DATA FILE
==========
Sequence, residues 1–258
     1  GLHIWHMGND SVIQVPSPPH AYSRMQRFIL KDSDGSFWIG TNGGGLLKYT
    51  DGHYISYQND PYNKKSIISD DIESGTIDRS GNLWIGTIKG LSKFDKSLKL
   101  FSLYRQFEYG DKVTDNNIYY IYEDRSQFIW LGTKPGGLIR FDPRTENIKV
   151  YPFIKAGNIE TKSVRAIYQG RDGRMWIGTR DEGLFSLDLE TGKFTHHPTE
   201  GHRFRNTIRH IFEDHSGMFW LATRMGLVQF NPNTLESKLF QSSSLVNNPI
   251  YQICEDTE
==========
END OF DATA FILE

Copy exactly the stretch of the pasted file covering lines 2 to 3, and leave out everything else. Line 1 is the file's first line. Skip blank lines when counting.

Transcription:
     1  GLHIWHMGND SVIQVPSPPH AYSRMQRFIL KDSDGSFWIG TNGGGLLKYT
    51  DGHYISYQND PYNKKSIISD DIESGTIDRS GNLWIGTIKG LSKFDKSLKL